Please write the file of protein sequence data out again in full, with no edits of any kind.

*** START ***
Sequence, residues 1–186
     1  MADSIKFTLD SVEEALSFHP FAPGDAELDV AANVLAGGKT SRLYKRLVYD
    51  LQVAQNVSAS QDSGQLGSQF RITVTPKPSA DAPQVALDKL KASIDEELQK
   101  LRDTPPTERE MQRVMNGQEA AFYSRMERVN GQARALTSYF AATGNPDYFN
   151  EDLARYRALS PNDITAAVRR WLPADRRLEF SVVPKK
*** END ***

Sequence, residues 1–186
     1  MADSIKFTLD SVEEALSFHP FAPGDAELDV AANVLAGGKT SRLYKRLVYD
    51  LQVAQNVSAS QDSGQLGSQF RITVTPKPSA DAPQVALDKL KASIDEELQK
   101  LRDTPPTERE MQRVMNGQEA AFYSRMERVN GQARALTSYF AATGNPDYFN
   151  EDLARYRALS PNDITAAVRR WLPADRRLEF SVVPKK